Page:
Even though we understand that luck is simply chance, it still plays heavily into our culture, even if not in a prescriptive way, but in a descriptive way. A great display of this can be found in the culture surrounding America’s favorite pastime: baseball. The 2016 World Series, for example, saw the Indians and the Cubs go head to head, where the highlight of the series was the nullification of either Cleveland’s or Chicago’s decades long curse. Now, while these types of “curses” might show up in other sports, they’re more pertinent in baseball because of both players’ and fans’ susceptibility to superstitions in almost every aspect of the game. Indeed, because the ball is so small and moving so fast, there’s no way to predict every curve it will take, or whether or not it will make an unlucky bounce, etc. Eric Garcia McKinley writing for BeyondTheBoxScore.com actually argues that luck plays an undeniable role in baseball. The minor variables make the game so complex that you have to take into account that some players are simply in the right place at the right time.

        This analysis is not only correct in baseball, but is useful when applied outside of the game as well. Jennifer Aniston, for example, was about ready to call it quits with her acting career in 1994–but a chance meeting with the then-president of NBC’s entertainment division at a gas pump landed her on the cast of Friends, solidifying her career as we all know it. If we’re to take this as an example, we have to realize ourselves that Jennifer Aniston wasn’t just at the right place at the right time–because if you or me were to run into the president of NBC at the gas pump, there’s almost no way we’d get a shot at a hit TV series.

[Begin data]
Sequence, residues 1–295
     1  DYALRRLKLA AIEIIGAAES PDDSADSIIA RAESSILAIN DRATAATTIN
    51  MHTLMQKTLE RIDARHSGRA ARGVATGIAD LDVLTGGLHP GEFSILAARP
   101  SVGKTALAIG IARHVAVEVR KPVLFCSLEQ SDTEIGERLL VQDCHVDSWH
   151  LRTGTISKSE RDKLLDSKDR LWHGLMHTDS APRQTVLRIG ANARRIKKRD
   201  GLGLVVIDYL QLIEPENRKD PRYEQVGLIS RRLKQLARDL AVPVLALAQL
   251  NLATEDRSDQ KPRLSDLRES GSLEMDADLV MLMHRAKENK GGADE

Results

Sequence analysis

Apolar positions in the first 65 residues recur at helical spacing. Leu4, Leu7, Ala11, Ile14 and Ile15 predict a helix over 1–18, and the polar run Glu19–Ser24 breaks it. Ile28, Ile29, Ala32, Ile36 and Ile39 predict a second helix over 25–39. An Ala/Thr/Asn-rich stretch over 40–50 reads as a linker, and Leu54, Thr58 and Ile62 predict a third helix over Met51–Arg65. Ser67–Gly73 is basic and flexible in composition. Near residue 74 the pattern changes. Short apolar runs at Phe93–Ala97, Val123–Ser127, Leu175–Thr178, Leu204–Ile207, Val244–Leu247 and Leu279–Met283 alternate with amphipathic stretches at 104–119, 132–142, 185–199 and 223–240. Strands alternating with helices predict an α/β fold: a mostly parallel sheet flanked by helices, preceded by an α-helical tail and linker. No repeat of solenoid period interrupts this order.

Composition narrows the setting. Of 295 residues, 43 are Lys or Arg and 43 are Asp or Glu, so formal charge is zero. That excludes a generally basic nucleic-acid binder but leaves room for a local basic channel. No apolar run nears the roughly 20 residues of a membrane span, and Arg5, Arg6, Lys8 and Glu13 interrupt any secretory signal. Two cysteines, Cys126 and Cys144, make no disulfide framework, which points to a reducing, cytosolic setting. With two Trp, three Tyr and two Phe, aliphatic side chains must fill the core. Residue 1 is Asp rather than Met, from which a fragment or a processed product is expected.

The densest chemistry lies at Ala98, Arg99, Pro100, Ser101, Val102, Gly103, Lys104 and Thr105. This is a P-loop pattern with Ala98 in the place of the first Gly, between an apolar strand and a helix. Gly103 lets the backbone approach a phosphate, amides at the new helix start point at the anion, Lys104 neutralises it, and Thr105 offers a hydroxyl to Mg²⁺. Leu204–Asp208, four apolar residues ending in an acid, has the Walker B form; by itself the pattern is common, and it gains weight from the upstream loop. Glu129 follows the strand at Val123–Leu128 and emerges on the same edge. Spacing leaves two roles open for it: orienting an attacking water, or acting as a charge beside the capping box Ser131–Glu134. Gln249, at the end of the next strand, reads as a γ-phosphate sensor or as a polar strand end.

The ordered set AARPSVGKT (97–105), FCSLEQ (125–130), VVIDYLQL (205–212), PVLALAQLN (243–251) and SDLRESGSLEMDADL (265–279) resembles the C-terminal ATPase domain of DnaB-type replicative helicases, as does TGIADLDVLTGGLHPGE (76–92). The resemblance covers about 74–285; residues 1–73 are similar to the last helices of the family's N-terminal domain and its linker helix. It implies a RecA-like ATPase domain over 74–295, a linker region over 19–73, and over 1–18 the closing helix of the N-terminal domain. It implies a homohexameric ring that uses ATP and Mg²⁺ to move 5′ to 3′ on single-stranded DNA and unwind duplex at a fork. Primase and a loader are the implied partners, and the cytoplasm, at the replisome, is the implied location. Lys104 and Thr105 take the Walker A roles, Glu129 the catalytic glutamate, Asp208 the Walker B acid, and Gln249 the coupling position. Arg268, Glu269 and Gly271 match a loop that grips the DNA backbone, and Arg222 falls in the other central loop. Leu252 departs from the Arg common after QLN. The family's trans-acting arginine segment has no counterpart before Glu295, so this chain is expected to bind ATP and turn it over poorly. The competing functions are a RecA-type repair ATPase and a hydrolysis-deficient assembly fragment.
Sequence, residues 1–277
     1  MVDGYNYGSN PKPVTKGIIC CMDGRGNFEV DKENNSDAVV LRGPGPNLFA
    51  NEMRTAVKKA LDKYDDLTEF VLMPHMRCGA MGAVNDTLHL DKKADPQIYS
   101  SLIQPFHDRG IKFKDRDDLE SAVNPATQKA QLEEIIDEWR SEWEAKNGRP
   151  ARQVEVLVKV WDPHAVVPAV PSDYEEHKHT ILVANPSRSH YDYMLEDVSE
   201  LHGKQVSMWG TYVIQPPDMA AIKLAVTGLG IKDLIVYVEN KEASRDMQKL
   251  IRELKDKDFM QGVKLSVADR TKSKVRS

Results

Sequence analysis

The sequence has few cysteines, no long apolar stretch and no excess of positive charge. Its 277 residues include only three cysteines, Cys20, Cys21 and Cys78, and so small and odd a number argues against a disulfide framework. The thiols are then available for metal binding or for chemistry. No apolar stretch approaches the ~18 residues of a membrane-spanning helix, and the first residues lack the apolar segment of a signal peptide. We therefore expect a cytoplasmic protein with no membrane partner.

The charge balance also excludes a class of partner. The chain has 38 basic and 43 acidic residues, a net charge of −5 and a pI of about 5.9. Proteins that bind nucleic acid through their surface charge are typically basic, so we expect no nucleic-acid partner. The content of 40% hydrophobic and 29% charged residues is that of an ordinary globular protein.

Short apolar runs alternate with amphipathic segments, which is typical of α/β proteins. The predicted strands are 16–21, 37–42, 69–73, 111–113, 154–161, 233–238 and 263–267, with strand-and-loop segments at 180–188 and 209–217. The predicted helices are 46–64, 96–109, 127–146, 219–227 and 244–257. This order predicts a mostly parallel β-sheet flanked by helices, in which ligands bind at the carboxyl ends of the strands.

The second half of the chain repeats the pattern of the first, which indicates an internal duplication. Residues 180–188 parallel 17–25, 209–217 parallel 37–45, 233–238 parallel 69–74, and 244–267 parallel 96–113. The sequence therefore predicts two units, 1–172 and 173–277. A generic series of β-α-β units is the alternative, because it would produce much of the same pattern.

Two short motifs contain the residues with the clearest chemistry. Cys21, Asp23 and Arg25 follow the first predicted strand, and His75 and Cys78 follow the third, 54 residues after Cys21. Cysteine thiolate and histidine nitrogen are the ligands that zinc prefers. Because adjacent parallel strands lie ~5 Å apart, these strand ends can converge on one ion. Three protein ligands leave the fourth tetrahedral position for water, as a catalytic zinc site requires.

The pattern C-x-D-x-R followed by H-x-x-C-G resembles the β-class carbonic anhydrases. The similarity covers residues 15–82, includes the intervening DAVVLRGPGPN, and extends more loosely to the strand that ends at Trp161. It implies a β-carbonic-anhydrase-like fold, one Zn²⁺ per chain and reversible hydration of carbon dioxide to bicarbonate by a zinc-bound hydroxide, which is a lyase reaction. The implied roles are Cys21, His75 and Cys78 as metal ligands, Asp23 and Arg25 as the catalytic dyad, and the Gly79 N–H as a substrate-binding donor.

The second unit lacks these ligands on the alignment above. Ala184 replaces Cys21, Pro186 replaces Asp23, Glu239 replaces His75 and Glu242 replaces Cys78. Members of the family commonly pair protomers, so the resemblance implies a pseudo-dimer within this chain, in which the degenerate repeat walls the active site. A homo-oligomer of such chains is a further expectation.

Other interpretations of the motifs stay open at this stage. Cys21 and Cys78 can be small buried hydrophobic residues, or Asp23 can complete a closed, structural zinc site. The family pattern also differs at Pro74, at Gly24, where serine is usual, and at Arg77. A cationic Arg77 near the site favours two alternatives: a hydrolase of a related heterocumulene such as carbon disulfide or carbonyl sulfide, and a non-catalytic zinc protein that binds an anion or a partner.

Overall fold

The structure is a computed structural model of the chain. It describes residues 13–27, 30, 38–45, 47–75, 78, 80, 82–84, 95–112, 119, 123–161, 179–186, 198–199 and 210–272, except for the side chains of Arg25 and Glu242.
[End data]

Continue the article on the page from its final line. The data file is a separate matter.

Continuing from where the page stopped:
What Anniston had that most of us don’t, in that specific situation, was preparation. Another Lifehack article on luck quotes the Roman philosopher Seneca, who said: “Luck is what happens when preparation meets opportunity.” Anniston had prepared by doing at least four other failed TV sitcoms before she was put on friends, and these sitcoms had made her well-known to the NBC executive she met.

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          You Already ARE Lucky! Now Maximize It!

          Half of luck is the right mindset, while the other half is being in the right place at the right time. If you’re always in the right place, you’re only depending on the right time.